Balls to the Wall.

“It’s embarrassing for an adult to drown in a kiddy pool. Or be standing ankle deep in it thinking he’s doing something commendable.”

That quote came from Steven Furtick’s blog about living life “full steam ahead,” or as they say, “balls to the wall.” I loved the blog so much I wanted to steal it and say it was mine. But I can’t because that’s illegal. And wrong. SOOOO….

Here you go. Enjoy.

New Feature

Okay this is just a super quick email to say, “Woo hoo!”

This blog has a subscribe via email feature now. If you hate blog readers like I do… this is definitely for you. Don’t freak out – it isn’t a mailing list – its actually the same company that you’d get most other rss feeds from – but instead of feeding a reading program, it feeds your email address.

Very useful. 🙂 So come on, ya’ll… subscribe away!

Sneak Peek: Worship Article

Recently I was asked to write a short article for my church‘s newsletter on worship. I did, and then I said to myself, “Frank,” (Sometimes I call myself Frank), “why limit this article to just the newsletter. It’s an amazingly concise and spot-on article, and anyone who reads it will immediately think you’re cool. Put it up on your blog.” So here it goes:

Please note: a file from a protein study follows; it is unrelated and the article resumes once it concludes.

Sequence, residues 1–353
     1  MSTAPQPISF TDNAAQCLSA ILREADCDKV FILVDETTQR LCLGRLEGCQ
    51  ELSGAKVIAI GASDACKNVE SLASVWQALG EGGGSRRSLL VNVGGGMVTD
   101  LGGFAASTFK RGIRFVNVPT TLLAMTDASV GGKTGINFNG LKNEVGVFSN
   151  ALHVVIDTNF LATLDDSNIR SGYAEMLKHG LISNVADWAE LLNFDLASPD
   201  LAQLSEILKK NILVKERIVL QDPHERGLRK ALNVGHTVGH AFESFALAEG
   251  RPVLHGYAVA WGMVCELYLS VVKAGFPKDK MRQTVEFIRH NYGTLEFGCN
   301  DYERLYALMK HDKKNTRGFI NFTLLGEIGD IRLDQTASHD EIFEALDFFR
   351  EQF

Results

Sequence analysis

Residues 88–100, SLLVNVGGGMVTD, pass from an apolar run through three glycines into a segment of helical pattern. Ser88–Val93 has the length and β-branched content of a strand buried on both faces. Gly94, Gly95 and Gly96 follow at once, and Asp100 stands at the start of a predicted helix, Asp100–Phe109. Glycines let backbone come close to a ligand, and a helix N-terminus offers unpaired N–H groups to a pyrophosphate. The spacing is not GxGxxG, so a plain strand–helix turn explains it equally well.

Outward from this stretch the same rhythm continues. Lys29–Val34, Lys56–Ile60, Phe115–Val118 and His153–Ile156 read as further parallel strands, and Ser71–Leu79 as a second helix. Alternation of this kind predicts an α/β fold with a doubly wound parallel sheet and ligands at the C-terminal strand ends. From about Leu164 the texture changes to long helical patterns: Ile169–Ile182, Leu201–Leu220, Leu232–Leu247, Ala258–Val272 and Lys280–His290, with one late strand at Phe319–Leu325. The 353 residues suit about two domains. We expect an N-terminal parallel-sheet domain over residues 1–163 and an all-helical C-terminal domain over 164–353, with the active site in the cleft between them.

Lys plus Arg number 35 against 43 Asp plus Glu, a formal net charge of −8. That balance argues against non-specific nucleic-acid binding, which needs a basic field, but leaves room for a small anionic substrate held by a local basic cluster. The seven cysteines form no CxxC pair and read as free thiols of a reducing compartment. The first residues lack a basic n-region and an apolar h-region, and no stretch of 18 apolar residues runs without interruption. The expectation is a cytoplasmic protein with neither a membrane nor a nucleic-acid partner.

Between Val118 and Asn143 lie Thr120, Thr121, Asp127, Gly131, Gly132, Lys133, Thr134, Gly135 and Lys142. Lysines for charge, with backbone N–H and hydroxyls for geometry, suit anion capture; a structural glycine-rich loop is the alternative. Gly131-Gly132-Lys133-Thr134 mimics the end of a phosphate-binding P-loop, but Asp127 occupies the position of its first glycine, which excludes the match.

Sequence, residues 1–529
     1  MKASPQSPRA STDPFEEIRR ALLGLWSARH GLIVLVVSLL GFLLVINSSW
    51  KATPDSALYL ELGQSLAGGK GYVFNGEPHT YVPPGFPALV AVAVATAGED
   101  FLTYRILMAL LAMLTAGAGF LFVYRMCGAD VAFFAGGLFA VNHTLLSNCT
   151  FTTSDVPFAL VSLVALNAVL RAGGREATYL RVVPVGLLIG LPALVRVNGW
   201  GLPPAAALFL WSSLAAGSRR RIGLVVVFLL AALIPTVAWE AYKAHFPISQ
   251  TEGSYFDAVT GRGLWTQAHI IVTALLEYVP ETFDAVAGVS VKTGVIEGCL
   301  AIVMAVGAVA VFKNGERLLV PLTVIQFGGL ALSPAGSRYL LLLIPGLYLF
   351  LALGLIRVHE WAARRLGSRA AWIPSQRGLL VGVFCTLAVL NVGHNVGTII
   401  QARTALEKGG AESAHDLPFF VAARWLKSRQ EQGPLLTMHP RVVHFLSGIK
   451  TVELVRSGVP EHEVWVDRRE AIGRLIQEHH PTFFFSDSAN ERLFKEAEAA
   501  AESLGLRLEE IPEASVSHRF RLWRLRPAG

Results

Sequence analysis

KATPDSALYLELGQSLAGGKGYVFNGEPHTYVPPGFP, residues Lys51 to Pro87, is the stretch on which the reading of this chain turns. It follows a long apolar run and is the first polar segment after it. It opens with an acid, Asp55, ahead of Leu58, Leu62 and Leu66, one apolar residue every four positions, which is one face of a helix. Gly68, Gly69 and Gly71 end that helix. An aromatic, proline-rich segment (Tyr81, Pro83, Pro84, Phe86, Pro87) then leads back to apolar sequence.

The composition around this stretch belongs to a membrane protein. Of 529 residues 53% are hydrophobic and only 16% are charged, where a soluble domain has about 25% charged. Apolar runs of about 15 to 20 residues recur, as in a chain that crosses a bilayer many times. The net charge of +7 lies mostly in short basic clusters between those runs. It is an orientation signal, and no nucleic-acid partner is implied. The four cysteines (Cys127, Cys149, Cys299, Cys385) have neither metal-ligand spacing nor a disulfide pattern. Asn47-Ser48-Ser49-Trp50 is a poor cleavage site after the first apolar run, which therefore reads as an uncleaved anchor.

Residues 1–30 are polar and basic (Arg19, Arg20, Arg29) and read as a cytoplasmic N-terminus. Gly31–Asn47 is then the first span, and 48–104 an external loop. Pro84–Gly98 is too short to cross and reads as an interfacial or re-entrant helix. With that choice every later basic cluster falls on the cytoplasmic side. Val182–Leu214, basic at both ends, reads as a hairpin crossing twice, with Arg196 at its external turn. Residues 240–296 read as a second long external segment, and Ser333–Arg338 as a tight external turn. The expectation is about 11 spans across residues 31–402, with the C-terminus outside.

Romans 12 teaches that our spiritual act of worship to God is our whole lives. Not music – but our lives. Authentic Christianity sees worship not as a moment on Sunday but a committed life to Christ. The most important expression we can give to God should be seen by the way we live our lives. I don’t think God is nearly as impressed with our songs as He is a life devoted to Him (Psalms 51:16-17).

Then why do we use music on the weekends? Great question – I’m so glad you asked.

Firstly, because God said to. Psalm 150 is very clear.

Secondly, I’ve never heard anyone deny the power of music. Those that couldn’t carry a tune in a bucket and even the deaf still greatly enjoy music. Our mind communicates with words; but our heart communicates through art. Music is a great artistic vehicle to help us express our heart rather than just our thoughts to God.

Lastly, we use music to worship in our services because it promotes church unity. Even in remote indigenous cultures, they use forms of music to promote a sense of community among themselves. I don’t know about you, but I think there’s something wonderful about lifting my voice to God in the midst of others. When we assemble together on the weekends, I’m not worshipping – WE are worshipping.